In the beginning, there was the idea that “power” was with the people. Social change was to be the defiant byproduct created by swaths of citizens collectively creating a larger voice. This aim would make the dominant institutions tremble into submission. Those were days of hopeful visions of civil and social equality.
We’ve fallen short in hindsight. Today there appears to be a fracture in the foundation that those students of the 1960’s fought for us on college campuses, and there is no better time than now to make a stand.
This academic year marks the fiftieth anniversary of the Free Speech Movement (FSM) at UC Berkeley where sit-ins and other forms of social disobedience began to gain traction. This movement was thought to be the beginning of something great, to promise a future of equality and merit for hard work.
Yet even after all of FSM’s progress, their efforts seem counterproductive in hindsight, allowing dominate institutions to mature new agents of control populations.
The problem isn’t that our state’s financial aid program has a window of opportunity the size of a small chimney hole. The problem is our way of thinking.
Those who helped conceive the FSM movement were looking to challenge the powers on an unparalleled scale. While they may have seen success in the years to follow, it was always just going to be a matter of time until those in positions of power found a way to exploit those tactics.
According to College Data, the average CSU student leaves school $14,744 in debt upon graduation. To compound these problems the CSU system has seen tuition increase nearly three-fold since 1992.
And while there are more students than ever on our campus this semester, this should also mean that there must be a king’s ransom available to fund quality education – and by quality education I don’t mean parking lots and extracurricular facilities.
Not only should we be encouraging state-of-the-art facilities and technologies. We should also be standing up for those who share experiences and interface with us the most, teachers. Ultimately, it’s their stories that give us seasoned tales of our chosen professions, their challenges that make us better in our fields and their advice that helps us make informed career choices. If we can’t stand in solidarity with them, then we’ve been had; hook, line and sinker.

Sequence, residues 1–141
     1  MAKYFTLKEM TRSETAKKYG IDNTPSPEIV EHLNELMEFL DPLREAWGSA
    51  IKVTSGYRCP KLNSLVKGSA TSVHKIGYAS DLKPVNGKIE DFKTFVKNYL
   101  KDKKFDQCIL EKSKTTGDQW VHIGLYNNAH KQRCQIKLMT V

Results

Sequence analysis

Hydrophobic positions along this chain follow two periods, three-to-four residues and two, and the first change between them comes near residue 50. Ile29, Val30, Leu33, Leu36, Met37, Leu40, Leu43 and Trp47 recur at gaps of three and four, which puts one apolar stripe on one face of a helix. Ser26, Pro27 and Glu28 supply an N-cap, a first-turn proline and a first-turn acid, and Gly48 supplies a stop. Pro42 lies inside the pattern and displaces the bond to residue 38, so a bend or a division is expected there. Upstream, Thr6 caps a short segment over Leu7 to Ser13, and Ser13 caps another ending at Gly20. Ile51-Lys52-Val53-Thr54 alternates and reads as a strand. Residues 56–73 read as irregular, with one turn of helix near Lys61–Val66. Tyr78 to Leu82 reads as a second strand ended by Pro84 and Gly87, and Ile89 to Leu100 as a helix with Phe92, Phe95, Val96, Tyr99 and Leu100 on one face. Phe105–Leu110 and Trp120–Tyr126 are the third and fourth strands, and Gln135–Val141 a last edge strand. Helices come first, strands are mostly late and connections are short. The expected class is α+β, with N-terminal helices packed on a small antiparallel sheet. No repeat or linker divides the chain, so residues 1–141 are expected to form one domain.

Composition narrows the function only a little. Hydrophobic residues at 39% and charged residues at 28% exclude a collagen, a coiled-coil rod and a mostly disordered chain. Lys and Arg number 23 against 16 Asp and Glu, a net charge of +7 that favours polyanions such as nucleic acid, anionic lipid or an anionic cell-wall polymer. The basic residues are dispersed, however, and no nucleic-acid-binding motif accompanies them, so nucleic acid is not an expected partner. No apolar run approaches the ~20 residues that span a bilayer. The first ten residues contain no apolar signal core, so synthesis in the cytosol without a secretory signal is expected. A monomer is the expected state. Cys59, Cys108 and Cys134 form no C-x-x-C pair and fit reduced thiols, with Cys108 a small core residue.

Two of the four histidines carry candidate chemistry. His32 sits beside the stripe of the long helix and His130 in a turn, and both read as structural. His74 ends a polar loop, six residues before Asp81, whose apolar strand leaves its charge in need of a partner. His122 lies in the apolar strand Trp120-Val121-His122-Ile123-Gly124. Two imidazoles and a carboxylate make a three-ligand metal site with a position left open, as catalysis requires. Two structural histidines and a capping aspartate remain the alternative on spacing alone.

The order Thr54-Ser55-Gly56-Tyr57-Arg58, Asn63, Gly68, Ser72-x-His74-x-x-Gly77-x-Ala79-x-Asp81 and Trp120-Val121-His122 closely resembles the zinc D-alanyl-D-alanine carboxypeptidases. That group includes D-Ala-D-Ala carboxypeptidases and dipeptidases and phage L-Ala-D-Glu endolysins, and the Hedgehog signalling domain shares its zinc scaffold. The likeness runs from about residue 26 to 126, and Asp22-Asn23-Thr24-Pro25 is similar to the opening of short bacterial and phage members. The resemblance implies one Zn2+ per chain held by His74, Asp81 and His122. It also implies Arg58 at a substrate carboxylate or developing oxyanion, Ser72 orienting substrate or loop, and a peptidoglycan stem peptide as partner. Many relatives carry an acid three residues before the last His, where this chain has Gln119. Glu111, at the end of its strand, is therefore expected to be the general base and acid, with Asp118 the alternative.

But it’s not teachers holding the institution up, they do more heavy lifting, hands-on development than anyone on campus. Could voicing our opinion regarding mishandlings of funds as well as questionable salary appropriations be a lost cause? I think not.
We’ve entered an age where our freedom of speech isn’t limited to long days of hitting the pavement to hand out pamphlets and leaflets, attempting to gain empathy towards a righteous issue at hand.
Now you can get involved in passive-aggressive ways for the armchair activist on social media platforms like Twitter or Facebook. You no longer need to sit down at the kitchen table to scribble out a disgruntled handwritten letter to your local congressman or congresswoman. Just e-sign an online petition on your smartphone.
Nonetheless, there’s an unexpected hindrance to these modern-day conveniences; the easier it is to participate, the more lackadaisical individuals will be to get involved. This self-doubt and individual regulation is perpetuated by Big Brother and the powers that be.
Scare tactics are becoming more rampant in peaceful demonstrations at home and abroad, with the good ol’ U.S. of A. being no exception. So on a college campus where we are, without a doubt, more protected than any other stage in society, why have we grown quiet?
It’s time to start asking for more, to hold those above us responsible for the great power that they wield. Isn’t that exactly how we’re taught from our instructors? Is this not the inquisitive mentality that our best teachers instilled in our heads? Or have we chosen to be the sad product of lethargic and mind-numbing standardized testing?
We’ve come here to succeed, to get a quality education, to get jobs that pay a decent living wage. But with a sad assumption that all of this could be some toxic Stockholm syndrome response to modern education’s constraints, how much are you willing to put on your plate to graduate? Surely mounting student debts aren’t worthwhile if there isn’t a job at the end of the rainbow, right?
Arriving at the fiftieth anniversary to such a pivotal movement, it’s time to break the digital molds. Search for issues that you find intolerable and get educated. Grab your sharpies, make posters and attend meetings with like-minded individuals. Just do something!
Now is as good a time as any, with more students’ voices to demand change – at least that used to be the case. Make a positive stance on issues that affect you and your community.
The avenues are available to begin these discussions. Just earlier this month the CSU Chancellor’s Office and Associated Students even held an open forum to discuss the allocation of our collective $108 student success fees; but how many attended or even knew about this opportunity?
If we can’t get motivated by our bank accounts, then maybe we lost that flame that was ignited 50 years ago. It’s up to us to make sure that those monumental efforts of the 60’s won’t be seen as a funeral pyre, but another match in the book.